When the French Open begins a week on Monday, neither the world No.1 or No.2 tennis players go in with particular lofty expectations on their shoulders. Both Andy Murray and Novak Djokovic have had decidedly dodgy starts to 2017; Murray began the year as the top-ranking player in the world having snatched the top spot from Djokovic at the very final moment last season and while he has retained the top spot throughout the first five months of the year, he is playing nothing like the best player in the world. After an early exit at the Australian Open in January, he has continued that disappointing form and has now lost three of his last four matches with his meek loss to Fabio Fognini in the second round of the Italian Open earlier this week epitomising his season so far.

Murray does have some mitigating circumstances as he is only just returning from an elbow injury which hampered his form earlier in the season. Despite this though, Murray is performing well below the standard expected of a world No.1 and he knows it. “I'm just not playing good tennis and need to try to work out how to turn it around," he said after his loss in Rome. “The last couple of weeks have definitely been a struggle and a long way from where I'd like to be. There is no reason for it from my end.”

While Murray is concerned about his current form, he is in a far less dire position than Djokovic. The Serb has been off-the-boil since completing the career grand slam at last year’s French Open and frankly, there are few signs that he is capable of pulling himself out of this slump. This time last year, Djokovic looked unbeatable. Yet the former world No.1’s career has stalled in quite remarkable fashion over the past 12 months.

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Unspecified personal problems were cited. He also picked up a few niggles, something that his apparently indestructible body had seemed immune to in previous years. But what has been so shocking about Djokovic’s losses in recent months has not been that he has been defeated but rather that he has been utterly outplayed. The man who a year or two ago liked nothing more than a blood-bath was now capitulating all too readily during matches. Similarly, Murray is losing matches that, in the past few years, he would undoubtedly have slogged his way through and got the win.

So what do the top two need to do if they are to re-establish their dominance? Part of the issue is clearly confidence, although rectifying a confidence crisis is easier said than done. But maybe the issue is not solely mental. Over the past few years, both Djokovic and Murray have been physically superior to their opponents. They have both known that apart from when they’re up against a few select big-hitters, they will win even if they are below their best because physically, no one could get close.

But for whatever reason, neither player is able to win matches this year purely on physicality. So perhaps a change in style is required. With Murray having turned 30 last Monday and Djokovic turning 30 this Monday, they are getting towards the stage where they will take longer and longer to recover from the battering they give their bodies day in, day out. Neither player can rely purely on being the fittest and strongest if they want to prolong their careers past the next year or two because this style of play is just not sustainable.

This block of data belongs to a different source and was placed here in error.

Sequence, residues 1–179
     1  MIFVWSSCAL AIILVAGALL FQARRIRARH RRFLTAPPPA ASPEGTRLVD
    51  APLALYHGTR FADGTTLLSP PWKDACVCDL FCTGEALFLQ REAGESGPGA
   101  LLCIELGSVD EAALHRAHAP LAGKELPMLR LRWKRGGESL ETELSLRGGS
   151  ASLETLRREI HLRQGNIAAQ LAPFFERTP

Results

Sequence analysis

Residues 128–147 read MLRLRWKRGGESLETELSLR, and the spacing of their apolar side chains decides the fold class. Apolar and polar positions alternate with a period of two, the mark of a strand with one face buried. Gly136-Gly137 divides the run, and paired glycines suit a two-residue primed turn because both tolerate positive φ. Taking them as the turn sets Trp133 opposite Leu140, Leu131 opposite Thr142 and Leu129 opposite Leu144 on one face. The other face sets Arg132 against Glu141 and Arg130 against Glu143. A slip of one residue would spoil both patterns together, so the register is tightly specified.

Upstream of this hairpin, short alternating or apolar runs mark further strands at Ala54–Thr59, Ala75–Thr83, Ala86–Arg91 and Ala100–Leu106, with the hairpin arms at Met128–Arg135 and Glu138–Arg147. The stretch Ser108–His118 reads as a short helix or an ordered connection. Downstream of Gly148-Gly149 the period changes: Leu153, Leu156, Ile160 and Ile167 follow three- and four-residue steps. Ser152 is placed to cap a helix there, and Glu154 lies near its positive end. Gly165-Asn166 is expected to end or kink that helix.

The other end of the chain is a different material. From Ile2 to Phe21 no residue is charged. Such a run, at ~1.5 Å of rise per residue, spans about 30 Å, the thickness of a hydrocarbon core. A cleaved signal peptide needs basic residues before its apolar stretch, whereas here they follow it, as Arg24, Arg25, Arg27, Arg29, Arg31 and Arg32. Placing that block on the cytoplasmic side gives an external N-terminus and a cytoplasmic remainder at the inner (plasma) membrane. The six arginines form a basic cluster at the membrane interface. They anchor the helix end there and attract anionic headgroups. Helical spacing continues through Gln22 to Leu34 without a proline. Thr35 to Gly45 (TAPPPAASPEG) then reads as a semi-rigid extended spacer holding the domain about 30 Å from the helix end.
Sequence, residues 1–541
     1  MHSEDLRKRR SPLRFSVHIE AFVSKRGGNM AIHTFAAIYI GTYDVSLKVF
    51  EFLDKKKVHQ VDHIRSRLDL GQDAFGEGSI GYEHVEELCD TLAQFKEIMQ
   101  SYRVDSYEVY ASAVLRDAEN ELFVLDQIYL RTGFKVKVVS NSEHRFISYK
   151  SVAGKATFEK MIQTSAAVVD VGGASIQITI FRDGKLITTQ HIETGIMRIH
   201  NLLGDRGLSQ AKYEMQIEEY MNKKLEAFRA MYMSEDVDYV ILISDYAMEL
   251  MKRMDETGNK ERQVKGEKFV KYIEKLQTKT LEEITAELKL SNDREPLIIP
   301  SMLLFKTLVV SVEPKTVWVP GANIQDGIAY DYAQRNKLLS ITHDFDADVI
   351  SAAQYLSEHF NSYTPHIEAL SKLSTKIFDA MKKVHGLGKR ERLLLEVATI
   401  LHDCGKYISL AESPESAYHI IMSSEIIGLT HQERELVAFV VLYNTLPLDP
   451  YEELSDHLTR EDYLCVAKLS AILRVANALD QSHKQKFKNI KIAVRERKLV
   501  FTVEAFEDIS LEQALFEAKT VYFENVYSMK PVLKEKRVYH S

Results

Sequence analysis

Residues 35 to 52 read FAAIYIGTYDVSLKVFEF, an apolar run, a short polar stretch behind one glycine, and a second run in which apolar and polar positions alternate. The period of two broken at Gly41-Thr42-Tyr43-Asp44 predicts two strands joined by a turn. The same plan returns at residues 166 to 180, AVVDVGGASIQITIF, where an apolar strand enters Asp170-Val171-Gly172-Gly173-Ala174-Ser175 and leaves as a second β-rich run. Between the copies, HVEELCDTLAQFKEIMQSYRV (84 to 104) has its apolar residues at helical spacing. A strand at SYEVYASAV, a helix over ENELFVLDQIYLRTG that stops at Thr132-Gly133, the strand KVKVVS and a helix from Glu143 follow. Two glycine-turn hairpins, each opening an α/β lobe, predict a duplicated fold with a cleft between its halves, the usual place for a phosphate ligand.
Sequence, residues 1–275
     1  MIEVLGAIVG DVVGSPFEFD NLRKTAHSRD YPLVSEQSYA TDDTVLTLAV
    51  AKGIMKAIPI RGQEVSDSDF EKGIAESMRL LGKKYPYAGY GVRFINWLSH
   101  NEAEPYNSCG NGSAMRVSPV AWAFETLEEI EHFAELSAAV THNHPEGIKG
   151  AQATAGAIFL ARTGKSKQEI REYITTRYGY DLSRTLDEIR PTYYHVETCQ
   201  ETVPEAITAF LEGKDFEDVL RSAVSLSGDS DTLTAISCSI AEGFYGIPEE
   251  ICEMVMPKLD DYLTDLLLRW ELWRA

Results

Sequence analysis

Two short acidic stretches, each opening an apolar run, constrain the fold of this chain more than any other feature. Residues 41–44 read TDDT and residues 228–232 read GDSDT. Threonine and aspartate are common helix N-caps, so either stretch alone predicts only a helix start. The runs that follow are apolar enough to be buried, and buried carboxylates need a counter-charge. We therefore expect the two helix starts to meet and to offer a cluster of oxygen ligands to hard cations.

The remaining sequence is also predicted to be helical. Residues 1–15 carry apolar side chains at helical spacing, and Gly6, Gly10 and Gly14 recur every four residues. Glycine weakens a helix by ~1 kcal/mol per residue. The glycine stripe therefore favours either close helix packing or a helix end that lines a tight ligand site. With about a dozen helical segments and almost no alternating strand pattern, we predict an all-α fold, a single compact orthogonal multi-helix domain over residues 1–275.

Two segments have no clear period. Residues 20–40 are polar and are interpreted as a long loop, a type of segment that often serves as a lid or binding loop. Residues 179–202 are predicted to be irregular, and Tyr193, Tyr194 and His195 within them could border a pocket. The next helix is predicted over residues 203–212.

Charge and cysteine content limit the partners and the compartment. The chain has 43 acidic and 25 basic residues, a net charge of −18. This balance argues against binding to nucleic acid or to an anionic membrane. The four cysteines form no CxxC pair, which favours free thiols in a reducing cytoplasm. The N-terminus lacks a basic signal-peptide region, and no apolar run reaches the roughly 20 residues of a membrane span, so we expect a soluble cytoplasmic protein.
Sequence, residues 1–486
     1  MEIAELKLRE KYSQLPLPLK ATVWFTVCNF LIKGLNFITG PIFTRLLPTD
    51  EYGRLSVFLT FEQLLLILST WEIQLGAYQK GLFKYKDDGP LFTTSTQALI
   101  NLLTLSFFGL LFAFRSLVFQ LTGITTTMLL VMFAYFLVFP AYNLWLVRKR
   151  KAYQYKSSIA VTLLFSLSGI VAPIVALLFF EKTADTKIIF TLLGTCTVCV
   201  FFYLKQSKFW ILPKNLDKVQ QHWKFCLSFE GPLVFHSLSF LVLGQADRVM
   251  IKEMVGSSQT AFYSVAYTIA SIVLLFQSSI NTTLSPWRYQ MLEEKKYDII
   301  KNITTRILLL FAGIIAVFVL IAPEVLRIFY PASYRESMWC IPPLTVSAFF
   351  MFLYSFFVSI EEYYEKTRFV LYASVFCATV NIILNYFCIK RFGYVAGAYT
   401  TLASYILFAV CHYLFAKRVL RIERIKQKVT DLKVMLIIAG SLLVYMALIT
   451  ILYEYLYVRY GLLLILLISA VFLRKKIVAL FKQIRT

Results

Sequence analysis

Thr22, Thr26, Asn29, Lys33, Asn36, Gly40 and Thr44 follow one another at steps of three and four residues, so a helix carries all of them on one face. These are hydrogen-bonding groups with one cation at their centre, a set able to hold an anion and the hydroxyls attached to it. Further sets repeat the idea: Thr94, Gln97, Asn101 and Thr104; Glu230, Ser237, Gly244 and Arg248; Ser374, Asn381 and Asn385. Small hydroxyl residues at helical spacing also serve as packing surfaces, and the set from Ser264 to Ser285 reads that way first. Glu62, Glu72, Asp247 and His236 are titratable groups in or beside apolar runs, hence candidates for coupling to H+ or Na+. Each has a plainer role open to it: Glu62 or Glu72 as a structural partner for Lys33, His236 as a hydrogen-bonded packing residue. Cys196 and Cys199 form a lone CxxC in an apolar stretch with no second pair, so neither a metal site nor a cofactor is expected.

It has long been suggested that Murray needs to be more attacking if he is to continue progressing and it seems that Djokovic should heed similar advice. Federer has become noticeably more attack-minded in recent months which has much to do with his resurgence. Djokovic has, so far, been more proactive than Murray in trying to find a solution to his poor form. Earlier this month, the Serb announced that he had spilt with his entire coaching team in the hope that this “shock therapy” would help him rediscover his “spark”. It is a risk, but perhaps one that is worth taking considering quite how dire his current predicament is. It has been rumoured that Andre Agassi could be Djokovic’s new coach and certainly, it’s an appointment that would excite the whole of the tennis world.

Agassi might bring that extra few percent to Djokovic’s game, just as Ivan Lendl did to Murray, and the American is someone who the defending French Open champion would listen to. But would that be enough? At present, it seems that Lendl is just as stumped about Murray’s poor form as the Scot so it’s unclear if the appointment of a ‘super-coach’ would rectify all of Djokovic’s problems. It is surely a gamble worth taking though because something needs to change.

But perhaps both Murray and Djokovic are at a stage in their tennis careers where more drastic action than a mere pep-talk from a former champion is needed. Maybe both need to tweak their game-style and risk taking one step backwards before they take two forwards. Because if they rely on emerging from this current dip naturally, they may both run out of time.